Matt was developing the strength to suffer in isolation. A strength that doesn’t have a meaningful and rewarding payoff.


And that’s what I did for many years as a younger man. FULL of justifications.


And that’s what we must do; justify.


We have to justify where we are, our choices, and our isolation, so can make it seem like a brave thing. Convince ourselves it’s about being self-reliant and self-sufficient.


And those things can grow, sure.

But the major result is the isolation of your heart along with the self-deception that comes as we convince ourselves it’s all about ‘self-reliance and not about trying to reduce the risk of being hurt by others.


But the man who does that only serves to justify the island, making the bridge to connection (and humanness) even further away.

We must make the loneliness seem palpable.


Yet, in my experience, this way of being and justifying the island is usually accompanied by a number of numbing and distracting behaviours, all serving to amplify self-deception and avoidance.


Ranging from porn, booze, drugs – the classic whipping boys for destructive and numbing behaviours – through to work, exercise, constant achievement and busyness.


Doesn’t matter how you dress it up, if its job is to distract you from the shit you’re not facing, or an attempt to create a false sense of worth and worthiness, it ain’t serving you.


When in truth, what this creates is further disconnection from your own heart. Which is the first step to actually connecting with others. And being able to handle heartbreak.


The risk of being hurt is the price of admission for real love, connection, and intimacy – touching the very heart of our humanness.


And in case you needed to hear it – you can handle being hurt. And upset.

Sure, it might be such a bunch of dirty gym socks, but you can handle it.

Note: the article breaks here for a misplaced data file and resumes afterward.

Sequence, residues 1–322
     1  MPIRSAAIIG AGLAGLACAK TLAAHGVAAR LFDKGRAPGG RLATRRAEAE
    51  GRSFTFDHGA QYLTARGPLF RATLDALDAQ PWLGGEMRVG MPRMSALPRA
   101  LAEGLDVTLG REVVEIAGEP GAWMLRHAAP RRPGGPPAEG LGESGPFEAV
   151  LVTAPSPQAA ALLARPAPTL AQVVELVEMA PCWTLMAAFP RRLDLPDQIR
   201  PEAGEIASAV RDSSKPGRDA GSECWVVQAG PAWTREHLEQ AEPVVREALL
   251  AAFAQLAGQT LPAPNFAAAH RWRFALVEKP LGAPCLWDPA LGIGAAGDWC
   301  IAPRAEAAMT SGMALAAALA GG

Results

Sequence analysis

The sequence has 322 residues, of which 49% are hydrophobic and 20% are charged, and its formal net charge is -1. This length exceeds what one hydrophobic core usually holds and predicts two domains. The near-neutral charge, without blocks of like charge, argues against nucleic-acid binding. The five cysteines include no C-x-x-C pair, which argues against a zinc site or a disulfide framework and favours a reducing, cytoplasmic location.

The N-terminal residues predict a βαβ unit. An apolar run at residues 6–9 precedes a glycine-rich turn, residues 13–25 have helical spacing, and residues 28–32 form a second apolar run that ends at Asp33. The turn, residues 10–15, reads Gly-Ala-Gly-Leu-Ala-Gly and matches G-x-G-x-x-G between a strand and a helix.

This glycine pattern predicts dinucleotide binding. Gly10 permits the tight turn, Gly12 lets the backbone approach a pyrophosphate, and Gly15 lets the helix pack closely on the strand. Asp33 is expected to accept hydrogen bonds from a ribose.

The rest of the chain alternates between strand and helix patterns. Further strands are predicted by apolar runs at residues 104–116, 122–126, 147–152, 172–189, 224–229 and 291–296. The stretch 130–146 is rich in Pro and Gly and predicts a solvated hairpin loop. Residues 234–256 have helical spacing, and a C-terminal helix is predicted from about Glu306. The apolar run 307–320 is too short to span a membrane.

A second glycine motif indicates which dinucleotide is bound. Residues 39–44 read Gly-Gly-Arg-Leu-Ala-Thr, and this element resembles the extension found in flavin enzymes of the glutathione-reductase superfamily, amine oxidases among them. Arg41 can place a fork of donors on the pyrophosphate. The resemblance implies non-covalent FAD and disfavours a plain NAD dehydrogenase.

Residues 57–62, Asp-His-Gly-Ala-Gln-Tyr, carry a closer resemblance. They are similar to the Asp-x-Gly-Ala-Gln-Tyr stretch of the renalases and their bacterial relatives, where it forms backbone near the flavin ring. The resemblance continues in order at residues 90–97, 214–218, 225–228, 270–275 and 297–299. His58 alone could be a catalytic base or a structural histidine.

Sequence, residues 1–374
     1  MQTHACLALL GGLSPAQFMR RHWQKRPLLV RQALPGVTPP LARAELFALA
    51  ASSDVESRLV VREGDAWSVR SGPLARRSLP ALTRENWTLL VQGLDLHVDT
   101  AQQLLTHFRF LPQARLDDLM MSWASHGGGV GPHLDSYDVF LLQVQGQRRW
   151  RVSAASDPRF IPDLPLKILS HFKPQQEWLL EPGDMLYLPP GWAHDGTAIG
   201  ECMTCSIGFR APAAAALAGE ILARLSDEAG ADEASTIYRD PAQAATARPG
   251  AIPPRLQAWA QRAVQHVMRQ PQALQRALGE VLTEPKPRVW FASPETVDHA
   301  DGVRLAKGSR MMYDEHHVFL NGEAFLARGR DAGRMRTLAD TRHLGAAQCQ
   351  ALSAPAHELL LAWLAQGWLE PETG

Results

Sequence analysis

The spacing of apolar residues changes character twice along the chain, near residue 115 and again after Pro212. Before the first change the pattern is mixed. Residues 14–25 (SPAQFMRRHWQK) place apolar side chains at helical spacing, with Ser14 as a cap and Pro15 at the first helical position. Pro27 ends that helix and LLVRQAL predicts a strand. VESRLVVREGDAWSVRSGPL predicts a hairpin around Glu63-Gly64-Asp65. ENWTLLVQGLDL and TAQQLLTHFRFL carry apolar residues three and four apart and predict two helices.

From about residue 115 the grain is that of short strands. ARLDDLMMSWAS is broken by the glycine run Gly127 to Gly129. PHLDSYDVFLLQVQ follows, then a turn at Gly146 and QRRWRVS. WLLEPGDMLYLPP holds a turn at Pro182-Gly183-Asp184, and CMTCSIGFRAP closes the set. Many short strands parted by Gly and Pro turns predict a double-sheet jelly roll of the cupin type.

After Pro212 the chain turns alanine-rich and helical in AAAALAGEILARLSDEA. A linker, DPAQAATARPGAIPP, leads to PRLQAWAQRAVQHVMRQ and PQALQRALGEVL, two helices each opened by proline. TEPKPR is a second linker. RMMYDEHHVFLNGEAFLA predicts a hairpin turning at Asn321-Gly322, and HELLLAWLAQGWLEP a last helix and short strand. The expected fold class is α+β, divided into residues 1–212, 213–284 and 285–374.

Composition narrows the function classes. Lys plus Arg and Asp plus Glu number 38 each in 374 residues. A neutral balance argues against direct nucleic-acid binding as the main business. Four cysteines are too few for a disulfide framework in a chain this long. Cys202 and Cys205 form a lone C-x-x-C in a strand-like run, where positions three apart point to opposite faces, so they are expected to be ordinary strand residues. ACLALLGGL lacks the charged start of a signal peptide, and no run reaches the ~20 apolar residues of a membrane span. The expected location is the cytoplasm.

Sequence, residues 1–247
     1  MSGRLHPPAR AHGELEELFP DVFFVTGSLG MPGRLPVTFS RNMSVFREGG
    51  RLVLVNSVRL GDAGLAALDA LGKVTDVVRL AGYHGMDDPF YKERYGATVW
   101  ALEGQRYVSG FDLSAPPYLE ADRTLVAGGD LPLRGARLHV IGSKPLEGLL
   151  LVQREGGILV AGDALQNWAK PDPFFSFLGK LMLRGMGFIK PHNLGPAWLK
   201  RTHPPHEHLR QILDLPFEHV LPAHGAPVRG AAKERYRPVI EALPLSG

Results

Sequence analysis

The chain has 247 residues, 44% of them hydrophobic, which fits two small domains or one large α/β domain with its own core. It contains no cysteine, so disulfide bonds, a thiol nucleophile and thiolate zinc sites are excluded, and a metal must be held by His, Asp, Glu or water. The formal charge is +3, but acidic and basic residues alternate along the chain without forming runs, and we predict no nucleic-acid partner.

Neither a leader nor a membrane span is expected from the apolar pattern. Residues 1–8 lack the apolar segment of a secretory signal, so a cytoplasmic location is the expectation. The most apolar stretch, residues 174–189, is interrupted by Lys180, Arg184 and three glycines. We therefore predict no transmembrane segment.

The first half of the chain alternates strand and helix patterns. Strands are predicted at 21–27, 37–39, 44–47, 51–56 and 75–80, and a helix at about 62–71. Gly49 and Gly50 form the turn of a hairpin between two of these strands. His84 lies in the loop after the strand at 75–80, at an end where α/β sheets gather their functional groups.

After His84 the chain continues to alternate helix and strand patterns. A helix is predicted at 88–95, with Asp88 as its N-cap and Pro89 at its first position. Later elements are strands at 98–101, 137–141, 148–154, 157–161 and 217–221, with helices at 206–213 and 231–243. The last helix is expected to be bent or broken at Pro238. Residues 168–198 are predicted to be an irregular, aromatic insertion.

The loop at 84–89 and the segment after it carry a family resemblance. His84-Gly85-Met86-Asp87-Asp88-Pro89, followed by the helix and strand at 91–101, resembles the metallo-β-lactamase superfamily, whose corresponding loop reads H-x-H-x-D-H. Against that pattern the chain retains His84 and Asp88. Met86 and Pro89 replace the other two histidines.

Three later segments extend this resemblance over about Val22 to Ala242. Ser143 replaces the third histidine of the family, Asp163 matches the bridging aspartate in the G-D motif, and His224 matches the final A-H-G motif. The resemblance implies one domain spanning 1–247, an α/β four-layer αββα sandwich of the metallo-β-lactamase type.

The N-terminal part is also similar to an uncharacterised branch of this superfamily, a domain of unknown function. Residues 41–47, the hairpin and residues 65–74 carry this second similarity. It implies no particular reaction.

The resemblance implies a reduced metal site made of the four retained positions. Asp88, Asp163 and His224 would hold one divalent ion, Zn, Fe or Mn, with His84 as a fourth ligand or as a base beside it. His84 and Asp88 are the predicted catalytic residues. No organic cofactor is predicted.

And you are worthy of, deserve, and get to experience deep love connection and joy with other humans.


Even if you don’t believe that right now, isolating yourself won’t change that. It might feel like it protects you from others knowing it or proving it, but it doesn’t.


My suggestion is to find people who you do feel safe around, you are supportive and loving and empathetic, and who care about you.

Find people who can and will build you up, encourage you and challenge you lovingly to step bolding into this work and more deeply into yourself.


This has singlehandedly been the most impactful thing in my life. As it was for Matt. The shift for him was IMMENSE. Letting his wife fully in, the kids, the connections that have come from that, the lightness in him, the depth, the joy – so fucking great to witness.


And that is possible for you. Single or in a relationship – the work is yours.


And you get to do that.


So, if you have ever felt curious about doing some of this work yourself, and about my work, about stepping into your depths and your potential in life and love, now is your chance.


PUTTING YOUR HAND UP IS NOT A COMMITMENT NOR OBLIGATION – it’s an opportunity to see if it can be the epic fit for you like Matt and hundreds of other men.